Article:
Archeological excavations as well as chance findings created a rich numismatic collection that covers a broad range of time and includes Roman, Byzantine, Parthian, Sasanian, Arabic, and Ottoman coins. The majority of Byzantine coins come from the mint of Constantinople. Among them are golden coin of Justinian I and Justinian II.
The most significant chance finding was so called "Tsikhisdziri treasure", which is kept at St. Petersburg State Hermitage Museum. It presents the burial artefacts of late Roman period (2th-3th cc.) and consist of golden jewelry, gemmas, silver and bronze objects.


Today, there is no contemporary port near the Petra fortress. No traces of historical harbor have been discovered until now. However, the archeological investigations of the Tsikhisdziri site are not completed yet. It should be taken into consideration that the part of the site is underneath the sea today. Numismatic samples testify an active trade and economic relations between Petra and other countries and with Byzantium in particular, as majority of coins found on the site are Byzantine (coins of Justinian I, Justinian II, Leon VI, Romanos I, Constantine VIII, etc.)


At present, south, north and east walls of fortification and four towers are more or less preserved; while south-west and north-west wall of fortification are almost ruined and only small fragments are preserved.
The original date of fortification is sixth century. Lower portions of its walls, towers, and entrance gates date back to that period. In some parts, a typical Byzantine building technique opus mixtum can be observed.
During the centuries the fortification was damaged several times and underwent many reconstructions and restorations. It resulted in various building layers that demonstrate different building techniques and materials. The most significant restorations of the fortress were carried out by Ottomans in eighteenth and nineteenth centuries.

Medieval Sites

Tsikhisdziri-Petra Fortress; Petra-Tsikhisdziri Museum-Reserve; Batumi Archaeological Museum; Batumi Chariton Akhvlediani State Museum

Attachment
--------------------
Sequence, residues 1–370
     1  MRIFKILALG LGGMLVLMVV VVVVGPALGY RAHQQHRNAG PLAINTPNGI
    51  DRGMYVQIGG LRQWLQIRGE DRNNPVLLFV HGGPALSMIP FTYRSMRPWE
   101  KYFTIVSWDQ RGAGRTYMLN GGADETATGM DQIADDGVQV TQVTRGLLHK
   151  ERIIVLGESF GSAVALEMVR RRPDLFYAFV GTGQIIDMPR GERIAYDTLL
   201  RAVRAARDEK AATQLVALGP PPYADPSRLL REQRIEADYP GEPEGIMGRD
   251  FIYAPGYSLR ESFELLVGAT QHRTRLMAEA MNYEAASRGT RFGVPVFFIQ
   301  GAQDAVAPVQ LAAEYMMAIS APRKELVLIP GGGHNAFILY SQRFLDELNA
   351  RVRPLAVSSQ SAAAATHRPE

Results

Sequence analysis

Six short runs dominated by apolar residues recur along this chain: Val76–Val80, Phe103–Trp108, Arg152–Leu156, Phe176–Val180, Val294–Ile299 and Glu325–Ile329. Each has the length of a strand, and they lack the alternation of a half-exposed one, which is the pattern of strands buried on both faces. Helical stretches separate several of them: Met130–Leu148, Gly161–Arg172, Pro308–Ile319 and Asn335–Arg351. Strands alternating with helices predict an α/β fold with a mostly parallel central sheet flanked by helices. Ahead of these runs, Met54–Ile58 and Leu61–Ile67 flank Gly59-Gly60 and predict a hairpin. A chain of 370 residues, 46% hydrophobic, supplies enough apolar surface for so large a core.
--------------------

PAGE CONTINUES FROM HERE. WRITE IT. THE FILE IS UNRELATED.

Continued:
Textual Sources

Procopius of Caesarea, B.P. II, 15, 17, 29; B. G. VIII, 11. Justinian Novelai, 31


S. Janashia, Studies, I (Tbilisi 1949, in Georgian); S. Kaukhchishvili, Georgica, II, (Tbilisi, 1965, in Georgian); A. Inaishvili, Results of Petra-Tsikhisdziri Excavations of 1962-1965, Monuments of South-West Georgia, 4 (Tbilisi, 1974, in Georgian); N. Inaishvili, Archeological Monuments of Tsikhisdziri of the First to the Sixth Centuries, (Tbilisi, 1993, in Georgian, with Russian summary); D. Braund, Georgia in Antiquity (Oxford - New York, 1994); G. Tsetskhladze, Pichvnari and its Environs (Besançon, 1999); P. Zakaraia, The History of Georgian Fortifications from Ancient Times to the End of the Eighteenth Century, (Tbilisi, 2002, in Georgian).


Visual Material

01. Petra-Tsikhisdziri. General Plan of the Fortress.
02. Petra-Tsikhisdziri. Plans of the Church and the Bath House in the Fortress.
03. Petra-Tsikhisdziri. View of the Black Sea from the Fortress.
04. Petra-Tsikhisdziri. Vaulted Tomb in the Fortress.
05. Petra-Tsikhisdziri. The Church in the Fortress, Looking North
06. Petra-Tsikhisdziri. The Church in the Fortress, looking North-West.
07. Petra-Tsikhisdziri. The Church in the Fortress, looking West.
08. Petra-Tsikhisdziri. The Church and the Citadel of the Fortress.
09. Petra-Tsikhisdziri. General View of the Fortress, Looking South

Writer / Date
Ketevan Mikeladze, Irina Mania October 29, 2012
This website has been produced with the assistance of the European Union. The contents of this publication are the sole responsibility of European Centre for Byzantine and Post-Byzantine monuments and can in no way reflect the views of the European Union